Texas Oyster Populations Have Reached a Low Point

By  | 

We hate spam too, we'll never share your email address reports that laws surrounding recreationally collecting oysters by hand have changed significantly along with lowering populations due to the impact of weather events such as cold fronts and hurricanes. “It will be hard, if not impossible, to coon oysters from Texas bay waters this year and certainly for many years to come,” the news writes.

The Texas Parks and Wildlife Department website explains that oyster season in Texas runs from November 1 to April 30, but they’ve had to make recent updates to the rules and allowed bodies of water. Lance Robinson, Texas Parks and Wildlife Department Coastal Fisheries Deputy Division Director, said, “The goals of these rule changes are to aid in the recovery of oyster resources in Texas’ bay systems, promote efficiency in utilizing oyster resources and provide a more stable price structure for commercially-harvested oysters.” explains that “…harvesting oysters within 300 feet of a shoreline – mainland or island – is prohibited.” This means those who like to gather oysters recreationally will most likely be unable to do so.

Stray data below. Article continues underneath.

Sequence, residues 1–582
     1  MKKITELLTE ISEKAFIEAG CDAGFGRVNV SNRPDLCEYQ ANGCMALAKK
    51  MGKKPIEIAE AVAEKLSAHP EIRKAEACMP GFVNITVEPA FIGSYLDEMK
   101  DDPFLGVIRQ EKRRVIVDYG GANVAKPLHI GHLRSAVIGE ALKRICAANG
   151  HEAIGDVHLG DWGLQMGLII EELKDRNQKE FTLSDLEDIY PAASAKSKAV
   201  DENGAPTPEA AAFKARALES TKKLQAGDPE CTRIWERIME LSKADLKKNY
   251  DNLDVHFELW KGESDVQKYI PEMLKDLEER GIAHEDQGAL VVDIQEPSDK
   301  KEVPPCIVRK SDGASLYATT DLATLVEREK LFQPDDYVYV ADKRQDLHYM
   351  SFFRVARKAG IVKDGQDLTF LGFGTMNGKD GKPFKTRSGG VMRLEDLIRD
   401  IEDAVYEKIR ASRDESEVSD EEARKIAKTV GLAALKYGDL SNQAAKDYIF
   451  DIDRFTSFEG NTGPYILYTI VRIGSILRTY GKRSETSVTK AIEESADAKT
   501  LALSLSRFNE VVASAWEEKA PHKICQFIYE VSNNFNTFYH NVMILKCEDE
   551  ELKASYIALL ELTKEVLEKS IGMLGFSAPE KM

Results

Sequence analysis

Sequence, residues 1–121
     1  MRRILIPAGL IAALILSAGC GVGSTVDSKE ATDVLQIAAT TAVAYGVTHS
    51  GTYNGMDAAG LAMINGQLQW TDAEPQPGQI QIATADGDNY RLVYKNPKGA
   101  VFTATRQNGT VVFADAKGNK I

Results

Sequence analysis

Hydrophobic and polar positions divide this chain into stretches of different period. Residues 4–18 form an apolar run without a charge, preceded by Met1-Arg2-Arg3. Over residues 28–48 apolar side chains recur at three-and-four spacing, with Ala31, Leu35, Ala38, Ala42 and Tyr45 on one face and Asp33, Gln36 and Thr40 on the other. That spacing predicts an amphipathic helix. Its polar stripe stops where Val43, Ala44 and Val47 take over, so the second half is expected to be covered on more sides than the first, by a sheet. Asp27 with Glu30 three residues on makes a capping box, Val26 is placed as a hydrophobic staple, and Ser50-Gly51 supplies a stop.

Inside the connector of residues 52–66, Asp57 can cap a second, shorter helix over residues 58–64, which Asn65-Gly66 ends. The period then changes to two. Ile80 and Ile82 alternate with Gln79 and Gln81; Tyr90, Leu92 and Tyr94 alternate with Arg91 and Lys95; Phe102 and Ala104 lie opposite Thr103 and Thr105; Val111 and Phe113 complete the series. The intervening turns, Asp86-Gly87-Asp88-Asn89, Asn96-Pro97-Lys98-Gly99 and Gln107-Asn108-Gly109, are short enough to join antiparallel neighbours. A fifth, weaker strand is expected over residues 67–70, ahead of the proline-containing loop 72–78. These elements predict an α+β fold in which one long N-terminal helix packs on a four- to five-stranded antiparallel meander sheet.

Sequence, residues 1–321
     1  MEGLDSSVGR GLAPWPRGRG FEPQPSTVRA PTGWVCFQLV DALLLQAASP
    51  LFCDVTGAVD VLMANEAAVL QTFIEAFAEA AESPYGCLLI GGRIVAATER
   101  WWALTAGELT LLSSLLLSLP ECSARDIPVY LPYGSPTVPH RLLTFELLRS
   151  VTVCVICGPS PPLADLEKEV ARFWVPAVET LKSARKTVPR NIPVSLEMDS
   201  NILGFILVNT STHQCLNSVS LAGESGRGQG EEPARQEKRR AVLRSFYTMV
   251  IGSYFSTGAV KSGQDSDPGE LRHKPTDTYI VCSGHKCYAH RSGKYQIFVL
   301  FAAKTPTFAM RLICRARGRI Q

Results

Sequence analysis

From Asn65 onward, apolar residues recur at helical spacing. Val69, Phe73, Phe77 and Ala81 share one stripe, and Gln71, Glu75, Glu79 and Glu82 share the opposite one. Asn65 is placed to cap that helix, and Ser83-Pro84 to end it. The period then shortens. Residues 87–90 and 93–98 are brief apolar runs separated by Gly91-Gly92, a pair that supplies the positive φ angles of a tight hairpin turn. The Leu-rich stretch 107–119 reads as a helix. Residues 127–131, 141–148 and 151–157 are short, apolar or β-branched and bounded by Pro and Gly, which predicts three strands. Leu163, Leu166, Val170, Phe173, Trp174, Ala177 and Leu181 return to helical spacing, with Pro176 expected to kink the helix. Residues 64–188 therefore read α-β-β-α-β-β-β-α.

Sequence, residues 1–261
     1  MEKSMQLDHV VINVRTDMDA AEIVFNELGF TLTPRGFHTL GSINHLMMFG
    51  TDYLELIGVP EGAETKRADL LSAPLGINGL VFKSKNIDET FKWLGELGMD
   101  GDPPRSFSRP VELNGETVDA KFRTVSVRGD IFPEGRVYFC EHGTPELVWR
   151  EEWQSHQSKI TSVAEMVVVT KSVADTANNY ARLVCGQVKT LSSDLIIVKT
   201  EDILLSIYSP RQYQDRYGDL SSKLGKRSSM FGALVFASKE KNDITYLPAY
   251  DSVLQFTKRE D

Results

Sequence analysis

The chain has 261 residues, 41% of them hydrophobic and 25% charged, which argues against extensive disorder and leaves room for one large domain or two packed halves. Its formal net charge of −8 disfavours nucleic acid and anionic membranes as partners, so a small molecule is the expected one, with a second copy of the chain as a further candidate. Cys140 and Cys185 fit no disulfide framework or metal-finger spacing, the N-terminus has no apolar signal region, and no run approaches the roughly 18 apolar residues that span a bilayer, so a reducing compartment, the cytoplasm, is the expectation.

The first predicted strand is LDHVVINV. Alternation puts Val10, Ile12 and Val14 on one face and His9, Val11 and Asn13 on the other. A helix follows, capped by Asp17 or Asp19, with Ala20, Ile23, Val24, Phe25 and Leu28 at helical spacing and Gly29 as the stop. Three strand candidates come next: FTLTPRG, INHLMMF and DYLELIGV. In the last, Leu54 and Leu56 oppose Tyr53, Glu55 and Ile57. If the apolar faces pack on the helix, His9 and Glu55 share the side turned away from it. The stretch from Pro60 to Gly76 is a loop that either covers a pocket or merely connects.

The oyster population first took a dive after hurricane Ike, and then, coastal Texas endured a drought. Of course, the extent of the damage from Harvey is currently unknown, but time will tell how oyster laws will need to be adjusted in the upcoming years.